Robert Griffin

Playing the Matchups…and Week 11 Rankings

No more waiting with bated breath, I am back. Last week, similar to six NFL teams, I took my bye week (although I took mine because of midterms). But fear not, your fantasy expert has returned with one of the more important articles of the year.

The fantasy playoffs are suddenly creeping up on us. For most leagues, you’ve only got 3 weeks left to either make a run or make an exit. Now for some, you may already be looking towards the playoffs. Maybe you’re sitting at 8-2 and have already clinched a spot, or maybe you’re 7-3 just looking for one more win to punch your ticket. Whatever circumstance you find yourself in, it’s time to look at players with an eye for the playoffs. So in today’s article I want to take a look at a couple players at each position that could be the difference between making the playoffs and being a championship contender. Now you may feel it’s a little early to start looking ahead but remember the key to fantasy football success: being ahead of the curve. Beat your league rivals to the waiver wire and reap the benefits on your way to the trophy.

For the purposes of this exercise, we’ll assume your playoffs run from weeks 14 through 17…

AND DON’T FORGET: You can always email me at FantasyDecisions@gmail.com with any weekly questions, trade help or anything you need. I’m the “expert” with the answers.

 

Favorable Playoff Schedules

QB

·Robert Griffin

The Baylor project may just have the most favorable down the stretch schedule of any QB in the league. In weeks 14-16 he faces the Rams, Giants, and Eagles. Or in other words, the seventh, ninth, and third worst against the pass, respectively. It’s hard to find a more passing-friendly stretch of matchups. If he’s somehow available in your league’s waiver wire, stop reading this article and go grab him. I also think you could get him for very little in a trade if your deadline hasn’t passed. While you’re not starting him over any of the top three-six guys, he could easily slide in to the second tier of QBs.

·Tony Romo

It’s no coincidence that, like RG3, Romo plays in the NFC East. For such a consistently competitive division, the passing defense among the four teams is lacking, to put it lightly. Romo may even have a better schedule then the aforementioned Griffin. In weeks 14, 15, and 17 Romo plays three of the four worst passing defenses in the NFL! The juiciest matchup obviously being the Bears in week 14. (Did you catch what happened when Aaron Rodgers took a turn at them in week 10? Yeah, I want anyone and everyone on the offense playing Da Bears)

 

RB

·Mark Ingram

Some may be considering “selling high” on Ingram with the Saints running backs getting healthy and coming back to steal carries. If that’s the case in your league, please go send whatever it takes to get the Alabama stud on your team. It’s no fluke that Ingram has AVERAGED 27 carries the last three weeks. He has been an absolute bellcow in an offense that hasn’t had one in a long, long time.  And his schedule just gets easier and easier. He’s facing 3 of the 10 worst rush defenses in the playoff weeks. Including maybe the very best matchup of any position down the stretch, a week 16 home game against the Falcons, the league’s worst rushing defense. His numbers aren’t a fluke. Sean Payton trusts him and so too should you.

·Chris Ivory

This week may be your last chance to buy in on the Ivory market. After a bye this week, Ivory’s schedule is almost full proof (minus a tough week 12 matchup in Buffalo). In weeks 14-16, Ivory faces the 24th, 25th, and 26th ranked rushing defenses, respectively. The Jets RB is the perfect, under the radar tailback that could easily be a RB2 on a championship team. Not to mention, it shouldn’t take much to get him after two tough weeks and this week’s bye. Buy in on him now and be prepared to use him to crush your league-mates.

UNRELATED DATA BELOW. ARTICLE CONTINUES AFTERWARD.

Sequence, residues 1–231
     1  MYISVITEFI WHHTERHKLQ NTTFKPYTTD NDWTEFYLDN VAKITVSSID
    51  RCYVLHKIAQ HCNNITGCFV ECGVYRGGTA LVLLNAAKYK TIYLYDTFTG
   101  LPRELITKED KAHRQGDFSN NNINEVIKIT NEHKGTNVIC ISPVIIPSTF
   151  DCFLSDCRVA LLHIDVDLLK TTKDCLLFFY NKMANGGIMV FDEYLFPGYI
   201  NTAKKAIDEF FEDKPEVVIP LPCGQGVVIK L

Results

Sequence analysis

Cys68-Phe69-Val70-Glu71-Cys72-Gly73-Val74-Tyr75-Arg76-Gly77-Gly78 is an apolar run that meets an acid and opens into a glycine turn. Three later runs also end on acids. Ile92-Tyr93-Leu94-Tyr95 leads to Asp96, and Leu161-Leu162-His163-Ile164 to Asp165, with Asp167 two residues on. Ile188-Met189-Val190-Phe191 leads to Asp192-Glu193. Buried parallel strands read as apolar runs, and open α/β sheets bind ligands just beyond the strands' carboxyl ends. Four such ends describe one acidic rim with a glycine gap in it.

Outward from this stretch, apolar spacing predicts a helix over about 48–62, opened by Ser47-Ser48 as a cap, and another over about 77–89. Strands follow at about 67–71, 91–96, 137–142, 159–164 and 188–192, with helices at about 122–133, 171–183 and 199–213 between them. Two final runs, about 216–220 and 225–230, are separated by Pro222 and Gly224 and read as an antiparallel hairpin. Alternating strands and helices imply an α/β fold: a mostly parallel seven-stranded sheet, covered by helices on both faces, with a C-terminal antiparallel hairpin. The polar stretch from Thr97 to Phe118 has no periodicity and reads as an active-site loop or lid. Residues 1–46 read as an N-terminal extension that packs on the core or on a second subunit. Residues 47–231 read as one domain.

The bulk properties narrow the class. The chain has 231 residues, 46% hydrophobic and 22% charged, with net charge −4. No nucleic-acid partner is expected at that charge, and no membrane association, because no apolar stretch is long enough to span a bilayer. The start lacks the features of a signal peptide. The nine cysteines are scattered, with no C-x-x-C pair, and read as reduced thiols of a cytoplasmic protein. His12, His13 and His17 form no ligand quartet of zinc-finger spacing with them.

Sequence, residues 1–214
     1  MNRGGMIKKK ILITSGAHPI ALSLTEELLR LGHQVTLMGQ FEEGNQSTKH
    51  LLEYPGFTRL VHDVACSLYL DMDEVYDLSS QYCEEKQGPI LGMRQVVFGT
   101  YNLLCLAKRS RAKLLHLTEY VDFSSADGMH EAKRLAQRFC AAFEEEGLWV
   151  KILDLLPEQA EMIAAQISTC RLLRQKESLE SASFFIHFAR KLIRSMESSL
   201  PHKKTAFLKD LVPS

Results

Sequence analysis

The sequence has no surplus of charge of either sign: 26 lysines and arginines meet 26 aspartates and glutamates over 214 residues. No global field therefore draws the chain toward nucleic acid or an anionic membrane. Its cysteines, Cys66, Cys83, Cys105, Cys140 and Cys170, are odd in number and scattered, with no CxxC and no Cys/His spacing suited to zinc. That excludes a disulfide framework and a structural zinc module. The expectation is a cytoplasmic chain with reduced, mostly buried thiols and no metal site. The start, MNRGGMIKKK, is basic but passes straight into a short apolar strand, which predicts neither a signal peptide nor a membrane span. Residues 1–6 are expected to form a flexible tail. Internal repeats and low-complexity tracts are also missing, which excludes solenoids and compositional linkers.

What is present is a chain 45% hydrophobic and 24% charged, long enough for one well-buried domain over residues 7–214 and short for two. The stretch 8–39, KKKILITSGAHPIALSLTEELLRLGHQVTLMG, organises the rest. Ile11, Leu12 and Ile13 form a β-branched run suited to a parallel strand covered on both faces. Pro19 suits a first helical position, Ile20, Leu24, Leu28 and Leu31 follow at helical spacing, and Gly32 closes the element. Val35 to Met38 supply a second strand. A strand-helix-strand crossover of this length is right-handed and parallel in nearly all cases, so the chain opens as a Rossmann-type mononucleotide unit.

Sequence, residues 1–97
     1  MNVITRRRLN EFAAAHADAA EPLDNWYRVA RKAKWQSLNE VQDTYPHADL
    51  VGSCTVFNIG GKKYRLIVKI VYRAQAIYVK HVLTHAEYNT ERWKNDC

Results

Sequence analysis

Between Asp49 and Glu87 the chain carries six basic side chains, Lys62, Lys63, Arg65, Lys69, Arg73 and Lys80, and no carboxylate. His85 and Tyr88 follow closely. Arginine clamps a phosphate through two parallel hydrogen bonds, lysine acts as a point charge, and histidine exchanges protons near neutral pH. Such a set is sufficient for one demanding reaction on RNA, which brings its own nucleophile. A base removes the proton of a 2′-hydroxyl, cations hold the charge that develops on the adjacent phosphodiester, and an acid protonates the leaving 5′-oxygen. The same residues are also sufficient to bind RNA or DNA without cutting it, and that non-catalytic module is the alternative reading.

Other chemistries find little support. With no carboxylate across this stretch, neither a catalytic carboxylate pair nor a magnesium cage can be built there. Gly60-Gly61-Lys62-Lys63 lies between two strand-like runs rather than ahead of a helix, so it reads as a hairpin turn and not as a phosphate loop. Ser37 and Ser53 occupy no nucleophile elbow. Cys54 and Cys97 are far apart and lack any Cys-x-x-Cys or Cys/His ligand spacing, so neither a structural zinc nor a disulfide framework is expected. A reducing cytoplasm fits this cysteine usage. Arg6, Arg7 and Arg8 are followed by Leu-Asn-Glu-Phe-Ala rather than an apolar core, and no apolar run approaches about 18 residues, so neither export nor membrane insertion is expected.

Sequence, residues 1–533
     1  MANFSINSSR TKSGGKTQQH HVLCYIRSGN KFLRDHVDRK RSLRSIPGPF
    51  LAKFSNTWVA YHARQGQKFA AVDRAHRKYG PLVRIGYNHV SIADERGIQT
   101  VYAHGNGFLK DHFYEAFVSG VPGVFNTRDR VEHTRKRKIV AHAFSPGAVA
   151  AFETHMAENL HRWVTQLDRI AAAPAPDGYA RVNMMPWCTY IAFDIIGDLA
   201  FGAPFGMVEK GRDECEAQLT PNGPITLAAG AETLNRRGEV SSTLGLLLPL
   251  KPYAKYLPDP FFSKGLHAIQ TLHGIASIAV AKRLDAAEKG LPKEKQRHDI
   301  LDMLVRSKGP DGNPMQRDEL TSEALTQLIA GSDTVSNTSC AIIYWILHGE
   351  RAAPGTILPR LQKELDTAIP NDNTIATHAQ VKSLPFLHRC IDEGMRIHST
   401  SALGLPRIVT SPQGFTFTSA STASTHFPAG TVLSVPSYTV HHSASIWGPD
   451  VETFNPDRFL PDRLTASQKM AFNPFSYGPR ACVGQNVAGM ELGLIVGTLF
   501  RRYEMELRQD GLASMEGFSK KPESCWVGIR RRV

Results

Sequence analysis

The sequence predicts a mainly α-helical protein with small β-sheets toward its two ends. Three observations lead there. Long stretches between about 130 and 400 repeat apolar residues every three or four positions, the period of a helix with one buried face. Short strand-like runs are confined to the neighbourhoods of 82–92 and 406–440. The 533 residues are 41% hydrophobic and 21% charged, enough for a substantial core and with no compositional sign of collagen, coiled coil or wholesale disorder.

WR

· Andre Johnson

My homer-ism may be strong here but my boy Dre has a shot to be a top 10 WR come playoff time. Two matchups against Jacksonville certainly don’t hurt with that prediction. Not to mention a meeting with the Ravens who lost Jimmy Smith, their top cornerback, for the year to a foot injury. Mallett and Andre are known to have a special bond, more so than Fitz had with Dre. By the time we get to the fantasy playoffs, Mallett will have had 3 games under his belt and will be looking for the trustworthiest hands in the NFL. A hall of fame receiver will be looking like his old self as he tears up the Jags in route to a huge end to the season.

· Kelvin Benjamin

The huge red zone target has been absolutely massive for Newton this season. His acclimation to the NFL has had its bumps but there’s no questioning his talent, which has led to him being the 10th best receiver in fantasy this year. I’m loving the week 14 and 15 back to back against the Saints and Bucs, the 4th and 1st worst passing defenses in the league. With a bye in week 12, Benjamin may be gettable in your league. Make it happen and smile as the Florida State kid tears up some weak secondaries.

 

TE

·Kyle Rudolph

The young TE has finally returned to practice after going through foot surgery following week three. Teddy Bridgewater needs a reliable target in Minny and I think Rudolph provides that for the young QB down the stretch. He had 5 targets in all three games to start the season and returns to a team desperate for a better passing offense. Rudolph has a great sandwich of the Jets awful secondary in week 14 and a week 17 meeting with Da Bears. Now that’s some favorable white bread on your sandwich. Just today I actually dropped Vernon Davis for the young TE. I’m all in and I think you should be too.

 

DEF/ST

·Texans D/ST

Just remember, this defense put up 20 points in the only game of the year in which JJ Watt, Brian Cushing, and JD Clowney played together. This unit has had a bye week to get healthy and it’s time to store them away for the playoffs. If nothing more than for the week 14 and 17 matchups against the woeful Jaguars. A stiff D against the Jags in the last week of your championship? Yeah I’ll take that everyday of the week.

 

Week 11 Rankings

 

QB

1.  Aaron Rodgers

2.  Peyton Manning

3.  Andrew Luck

4.  Philip Rivers

5.  Tom Brady

6.  Drew Brees

7.  Matthew Stafford

8.  Matt Ryan

9.  Robert Griffin

10. Josh McCown

11. Colin Kaepernick